The Importance of Servicing Your Pump Systems

The Importance of Servicing Your Pump Systems

Performing regular preventative maintenance on your industrial pumps is critical to restoring performance, reliability and profitability in your operations. Pump maintenance is fundamental for extending the lifetime of pumps, enhancing pump performance, and securing greater cost efficiency.

Pumps are designed to operate at a single point known as the Best Efficiency Point (BEP). As components begin to wear, a pump’s performance begins to decline. When a pump’s operation moves away from this point it is likely due to issues such as accelerated bearing or seal wear, vibration, excess temperature rise or cavitation.

Performing regular preventative maintenance on all your industrial pumps is key to sustaining prosperous and productive operations all year round. 

Quite often declining performance can start gradually, before quickly accelerating until failure if performance issues are not solved by preventive or corrective maintenance.

Much like regular car maintenance, scheduled industrial pump servicing is a critical practice for the longevity of your pump systems. The last thing you need is operations coming to a screeching halt, due to something that would have easily been avoided through preventative pump maintenance.

What Is Preventative Pump Maintenance?

Preventative pump maintenance is routine periodic inspection, maintenance and pump servicing to help prevent problems from happening in the first place, ensuring your pump is operating at peak efficiency. This generally involves periodic checks of the pump’s performance, visual inspection internally and externally of wearing parts, checking alignment, lubrication of bearings and joints, mechanical seals, gaskets, WHS checks and more, to ensure everything is functioning properly.

Best Practice Maintenance of Industrial Pumps 

To avoid downtime, preventive pump maintenance should be planned into a periodic maintenance schedule.

A regular preventative maintenance schedule should be determined by types of pumps you have in your operations, the manufacturer’s guidelines provided in the pump IOM, and industry recognised best practices.

Your industrial pump specialist mechanic can determine the frequency and schedule necessary to effectively maintain your industrial pump system.

Preventative maintenance may be scheduled at designated intervals (daily, weekly, monthly, yearly) or based on the number of hours run.

Performing a three-month inspection typically involves ensuring the foundation and hold-down bolts are tight, the mechanical seal is working properly, the oil is in good condition for continued use, and the pump and driver shafts remain in alignment.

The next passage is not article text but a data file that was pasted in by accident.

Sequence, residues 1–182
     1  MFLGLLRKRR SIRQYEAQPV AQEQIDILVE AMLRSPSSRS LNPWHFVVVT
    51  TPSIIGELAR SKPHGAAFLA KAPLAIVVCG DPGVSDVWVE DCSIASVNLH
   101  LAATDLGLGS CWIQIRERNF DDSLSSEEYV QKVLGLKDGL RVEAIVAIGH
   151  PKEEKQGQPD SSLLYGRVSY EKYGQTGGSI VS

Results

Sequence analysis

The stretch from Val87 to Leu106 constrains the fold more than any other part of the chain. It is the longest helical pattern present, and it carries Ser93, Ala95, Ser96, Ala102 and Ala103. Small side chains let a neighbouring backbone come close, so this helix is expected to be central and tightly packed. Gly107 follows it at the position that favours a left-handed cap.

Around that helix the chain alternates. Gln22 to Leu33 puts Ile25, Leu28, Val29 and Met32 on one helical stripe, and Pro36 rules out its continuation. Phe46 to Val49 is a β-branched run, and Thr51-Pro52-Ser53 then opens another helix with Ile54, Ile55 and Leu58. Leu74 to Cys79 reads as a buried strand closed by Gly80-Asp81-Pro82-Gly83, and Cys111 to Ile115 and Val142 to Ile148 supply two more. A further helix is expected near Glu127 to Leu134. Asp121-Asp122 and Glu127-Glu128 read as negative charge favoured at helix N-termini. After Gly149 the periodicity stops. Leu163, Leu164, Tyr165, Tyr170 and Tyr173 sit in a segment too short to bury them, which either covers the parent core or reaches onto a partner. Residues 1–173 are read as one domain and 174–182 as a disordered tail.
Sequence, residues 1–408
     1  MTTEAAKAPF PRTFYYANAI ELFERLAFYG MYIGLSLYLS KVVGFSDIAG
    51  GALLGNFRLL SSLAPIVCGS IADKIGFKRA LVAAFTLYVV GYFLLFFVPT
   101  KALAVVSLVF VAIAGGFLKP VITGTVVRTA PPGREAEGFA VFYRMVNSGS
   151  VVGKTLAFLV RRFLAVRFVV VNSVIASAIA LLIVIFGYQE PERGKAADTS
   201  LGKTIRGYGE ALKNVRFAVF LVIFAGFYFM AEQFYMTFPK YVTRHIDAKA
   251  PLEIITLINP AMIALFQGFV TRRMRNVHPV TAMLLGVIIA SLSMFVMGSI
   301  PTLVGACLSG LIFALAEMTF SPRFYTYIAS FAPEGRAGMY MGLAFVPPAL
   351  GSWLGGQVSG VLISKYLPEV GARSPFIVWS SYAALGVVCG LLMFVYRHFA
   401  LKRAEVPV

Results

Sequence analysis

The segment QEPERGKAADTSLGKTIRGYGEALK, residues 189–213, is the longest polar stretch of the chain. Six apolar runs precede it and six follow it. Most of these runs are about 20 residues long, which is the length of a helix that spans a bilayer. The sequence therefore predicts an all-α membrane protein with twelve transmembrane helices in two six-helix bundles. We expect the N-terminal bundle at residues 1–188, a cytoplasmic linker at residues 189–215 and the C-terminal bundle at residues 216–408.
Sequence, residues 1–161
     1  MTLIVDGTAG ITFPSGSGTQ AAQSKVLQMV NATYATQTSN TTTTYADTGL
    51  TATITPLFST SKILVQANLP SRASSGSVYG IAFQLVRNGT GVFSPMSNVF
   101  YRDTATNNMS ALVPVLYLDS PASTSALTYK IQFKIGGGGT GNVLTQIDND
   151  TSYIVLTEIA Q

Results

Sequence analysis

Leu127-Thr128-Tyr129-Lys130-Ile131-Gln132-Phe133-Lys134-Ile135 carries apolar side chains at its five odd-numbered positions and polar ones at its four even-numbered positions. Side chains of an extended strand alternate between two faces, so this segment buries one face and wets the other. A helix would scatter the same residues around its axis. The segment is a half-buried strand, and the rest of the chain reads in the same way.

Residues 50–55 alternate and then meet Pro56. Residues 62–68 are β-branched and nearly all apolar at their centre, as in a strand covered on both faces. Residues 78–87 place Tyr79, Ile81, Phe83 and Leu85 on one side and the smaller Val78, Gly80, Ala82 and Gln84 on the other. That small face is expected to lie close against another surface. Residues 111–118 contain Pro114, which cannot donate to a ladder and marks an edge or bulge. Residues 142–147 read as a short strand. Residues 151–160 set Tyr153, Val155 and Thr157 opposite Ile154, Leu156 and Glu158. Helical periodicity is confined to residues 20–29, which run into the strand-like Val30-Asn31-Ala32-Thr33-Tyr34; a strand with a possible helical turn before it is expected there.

Annual inspections consist of examining the pump capacity, pressure, and power. If you identify any issues in your pump’s performance, you may need to do a more involved inspection — possibly requiring disassembling and replacing any worn or damaged parts.

The Benefits of In-house Monitoring of Pump Performance

Employees who have regular contact with pump systems should be familiar with the normal operating characteristics of a pump – flow rate, pressure, temperature, power consumption, as well as how the pump sounds and feels. This familiarity will enable them to detect abnormal pump operations that require attention, investigation and correction, whilst simultaneously saving money and preventing costly failures and downtime.

For routine daily and weekly inspections, you should check for leaks, unusual noises or vibrations, oil level and condition, suction and discharge pressures, flow rate, and temperature, at a minimum.

The use of checklists and logs ensures a fully repeatable process ensuring important maintenance intervals are not missed. Logs can provide valuable insight and reveal a pattern before failure occurs enabling easier troubleshooting.

Environmental Conditions Can Impact Pump Performance

Consider environmental factors where the pump is installed. Exposure to extreme temperatures, dirt, dust, salt, water, chemicals, or high humidity and other environmental factors can all impact your pump’s maintenance requirements.

Corrective Pump Maintenance

Corrective pump maintenance is reactive maintenance that is conducted after a problem has arised and been identified and diagnosed, or the pump is experiencing breakdown or failure. Corrective industrial pump maintenance may involve pump diagnostics, urgent pump repairs, emergency on-site  pump repairs, pump testing, pump redesign recommendations, pump spare parts replacement and WHS checks.

Skipping scheduled preventative maintenance is not recommended and is often the source of pump issues that require corrective maintenance, which can often be a lot more costly.

Hunter Pumps Industrial - Your Leading Turnkey Industry Specialist

Don’t set your pumps up for catastrophic failure. Contact Hunter Pumps Industrial to create a proactive preventative maintenance schedule for your industrial pump system.

For preventative pump maintenance, corrective pump maintenance, regular pump servicing, emergency repairs, callouts and diagnostics, our main service area spans most of the Hunter and Upper Hunter regions of NSW including Newcastle, Maitland, Cessnock, Dungog, Lake Macquarie, Mid-Coast NSW, Muswellbrook, Port Stephens, Singleton, and beyond.

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